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Technology Transfer

Article 1, Section 8 of the Constitution of the United States gives Congress the power to "promote the Progress of Science and useful arts, by securing for limited Times to Authors and Inventors the exclusive Right to their respecting Writings and Discoveries." The U.S. patent statute, which established the mechanism to implement Article 1, Section 8, of the Constitution, is Title 35 of the United States Code (35 U.S.C.).

In an attempt to increase licensing and product development from government-owned patents and to enhance economic development, especially for small United States companies, Congress passed the Bayh-Dole Act (Public Law 96-517, the Patent and Trademark Law Amendments Act) in 1980. The Act, along with subsequent related policies were consolidated into 37 CRF 401. It allowed universities to hold title to the inventions made by faculty members, to apply for patents on the inventions, and to license the inventions to companies on an exclusive or non-exclusive basis. There are many details of the Bayh-Dole Act, including the rights of the government to practice the invention and the requirement that Universities share with the inventor(s) a portion of any revenue received from licensing the invention.

Documents relating to the NIH's implementation of the Bayh-Dole act include a notice in the Federal Register (59 FR 55673) on November 8, 1994, a question and answer document regarding invention reporting in the NIH Guide in 1995 (Volume 24, Number 33, September 22, 1995) and two policy statements in the NIH Guide (Volume 25, Number 16, May 17, 1996 and Volume 25, Number 29, August 30, 1996) intended to define the procedures necessary to comply with the requirements of the Bayh-Dole Act. In May 1999, NIH published proposed guidelines for grantees on obtaining and disseminating research resources (Notice for Public Comment, 64 FR 100, 28205-28209).

In October 1995 the NIH established the "Interagency Edison" system, a national database that allows universities to enter data on inventions, thus satisfying their reporting obligations to the NIH and other Federal agencies participating in the system. The Interagency Edison (iEdison) website contains valuable information on the Bayh-Dole Act, invention reporting, and frequently asked questions.

The General Accounting Office (GAO) is charged with periodically reviewing compliance with the Bayh-Dole Act and reporting to the Judiciary Committees of the House and Senate. It has issued several reports, including one on May 7, 1998 (GAO/RCED-98-126) in which it reviewed the implementation of the Bayh-Dole Act by research universities.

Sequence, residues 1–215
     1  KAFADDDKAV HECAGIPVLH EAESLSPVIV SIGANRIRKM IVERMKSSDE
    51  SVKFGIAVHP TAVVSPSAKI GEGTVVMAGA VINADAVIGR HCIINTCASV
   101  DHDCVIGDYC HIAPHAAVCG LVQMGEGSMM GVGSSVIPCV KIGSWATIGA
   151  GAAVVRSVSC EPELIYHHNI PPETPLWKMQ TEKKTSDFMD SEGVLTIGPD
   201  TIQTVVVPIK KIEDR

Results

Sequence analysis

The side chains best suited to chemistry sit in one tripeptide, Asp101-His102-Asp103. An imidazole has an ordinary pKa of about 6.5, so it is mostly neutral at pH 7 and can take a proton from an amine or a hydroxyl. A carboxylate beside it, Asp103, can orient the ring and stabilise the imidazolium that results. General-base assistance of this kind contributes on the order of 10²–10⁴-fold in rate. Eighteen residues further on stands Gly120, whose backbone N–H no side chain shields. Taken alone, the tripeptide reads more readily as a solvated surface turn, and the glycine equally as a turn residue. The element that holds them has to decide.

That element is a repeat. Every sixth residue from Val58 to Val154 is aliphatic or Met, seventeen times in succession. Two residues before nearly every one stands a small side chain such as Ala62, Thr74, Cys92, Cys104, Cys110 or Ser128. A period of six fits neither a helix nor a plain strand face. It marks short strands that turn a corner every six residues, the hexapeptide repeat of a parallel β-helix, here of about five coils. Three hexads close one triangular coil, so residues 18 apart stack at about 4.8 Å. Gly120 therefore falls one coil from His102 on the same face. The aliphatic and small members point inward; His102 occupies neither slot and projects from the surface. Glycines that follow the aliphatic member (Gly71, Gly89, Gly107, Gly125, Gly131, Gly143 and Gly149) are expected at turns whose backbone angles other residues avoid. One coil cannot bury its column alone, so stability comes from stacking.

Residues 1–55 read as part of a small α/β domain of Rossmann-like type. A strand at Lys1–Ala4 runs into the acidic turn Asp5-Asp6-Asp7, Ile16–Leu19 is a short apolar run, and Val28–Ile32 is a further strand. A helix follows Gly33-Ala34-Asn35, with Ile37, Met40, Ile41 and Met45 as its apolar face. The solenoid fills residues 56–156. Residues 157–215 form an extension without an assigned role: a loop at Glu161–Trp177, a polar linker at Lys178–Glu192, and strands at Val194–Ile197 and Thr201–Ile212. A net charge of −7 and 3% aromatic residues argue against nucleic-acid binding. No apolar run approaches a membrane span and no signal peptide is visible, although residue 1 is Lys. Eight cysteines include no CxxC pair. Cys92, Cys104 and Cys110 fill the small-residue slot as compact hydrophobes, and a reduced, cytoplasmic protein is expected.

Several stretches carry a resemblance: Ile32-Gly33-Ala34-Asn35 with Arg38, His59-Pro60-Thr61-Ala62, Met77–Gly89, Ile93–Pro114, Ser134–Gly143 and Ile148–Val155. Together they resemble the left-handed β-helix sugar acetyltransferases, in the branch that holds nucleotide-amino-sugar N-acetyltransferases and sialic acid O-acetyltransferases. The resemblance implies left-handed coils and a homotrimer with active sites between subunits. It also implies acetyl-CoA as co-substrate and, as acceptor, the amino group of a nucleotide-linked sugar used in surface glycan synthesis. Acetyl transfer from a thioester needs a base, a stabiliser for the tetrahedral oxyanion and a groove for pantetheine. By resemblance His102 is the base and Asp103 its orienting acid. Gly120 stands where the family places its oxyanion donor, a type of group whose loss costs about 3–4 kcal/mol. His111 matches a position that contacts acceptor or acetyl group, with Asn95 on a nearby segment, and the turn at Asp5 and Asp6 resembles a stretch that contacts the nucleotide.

One of the key provisions of the Bayh-Dole Act is the requirement for investigators receiving NIH grants to disclose their inventions to NIH in a timely way. In addition, Rockefeller University and many other institutions require faculty members to report inventions made with University resources and/or facilities to the institution, regardless of the funding source. Faculty members are obligated to assign their rights in the invention to the university. Under special circumstances, both the university and the NIH may return the rights to the inventor. The rules governing this process are described in the iEdison website for the NIH's interest and the university's patent policy for the university's interest.

The Association of University Technology Managers (AUTM) is an organization of technology transfer officers of universities, research institutes, teaching hospitals, and related institutions. It produces a report each year summarizing the status of technology transfer, including data on patents, licenses, new companies, and royalty income. Its webpage (http://www.autm.net) contains additional information on technology transfer.

Reviews of the history and impact of the Bayh-Dole Act are available as a 1999 report of the Council on Governmental Relations entitled The Bayh-Dole Act: A Guide to the Law and Implementing Regulations (http://www.ucop.edu/ott/bayh.html) and as a printed version of an address by Mr. Howard W. Bremmer delivered on November 11, 2001 to the National Association of State Universities and Land-Grant Colleges entitled The First Two Decades of the Bayh-Dole Act as Public Policy.